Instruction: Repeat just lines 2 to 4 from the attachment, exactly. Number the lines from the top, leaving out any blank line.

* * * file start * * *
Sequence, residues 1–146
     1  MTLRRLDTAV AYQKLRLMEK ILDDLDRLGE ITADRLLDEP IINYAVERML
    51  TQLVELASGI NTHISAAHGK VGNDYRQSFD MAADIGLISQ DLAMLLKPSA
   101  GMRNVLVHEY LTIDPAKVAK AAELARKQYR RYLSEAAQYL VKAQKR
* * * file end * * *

     1  MTLRRLDTAV AYQKLRLMEK ILDDLDRLGE ITADRLLDEP IINYAVERML
    51  TQLVELASGI NTHISAAHGK VGNDYRQSFD MAADIGLISQ DLAMLLKPSA
   101  GMRNVLVHEY LTIDPAKVAK AAELARKQYR RYLSEAAQYL VKAQKR